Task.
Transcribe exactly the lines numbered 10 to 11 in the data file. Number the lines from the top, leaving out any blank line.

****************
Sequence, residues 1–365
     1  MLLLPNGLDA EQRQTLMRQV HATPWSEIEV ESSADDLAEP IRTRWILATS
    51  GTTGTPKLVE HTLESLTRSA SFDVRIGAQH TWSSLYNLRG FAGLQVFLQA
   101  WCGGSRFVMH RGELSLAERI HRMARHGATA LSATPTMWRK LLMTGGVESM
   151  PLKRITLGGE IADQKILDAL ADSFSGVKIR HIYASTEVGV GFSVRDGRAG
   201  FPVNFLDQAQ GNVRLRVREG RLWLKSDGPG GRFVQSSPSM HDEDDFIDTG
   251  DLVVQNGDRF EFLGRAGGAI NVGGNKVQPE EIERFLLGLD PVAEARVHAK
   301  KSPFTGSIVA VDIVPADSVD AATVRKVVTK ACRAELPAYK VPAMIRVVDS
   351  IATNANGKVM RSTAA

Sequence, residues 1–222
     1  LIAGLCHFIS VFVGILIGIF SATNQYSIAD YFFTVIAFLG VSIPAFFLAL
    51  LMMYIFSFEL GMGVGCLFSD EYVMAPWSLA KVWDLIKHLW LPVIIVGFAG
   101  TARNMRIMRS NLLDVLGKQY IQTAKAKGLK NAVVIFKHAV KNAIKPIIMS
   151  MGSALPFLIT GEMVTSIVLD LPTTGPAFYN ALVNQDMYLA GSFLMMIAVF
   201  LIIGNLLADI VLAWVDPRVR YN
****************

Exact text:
Sequence, residues 1–222
     1  LIAGLCHFIS VFVGILIGIF SATNQYSIAD YFFTVIAFLG VSIPAFFLAL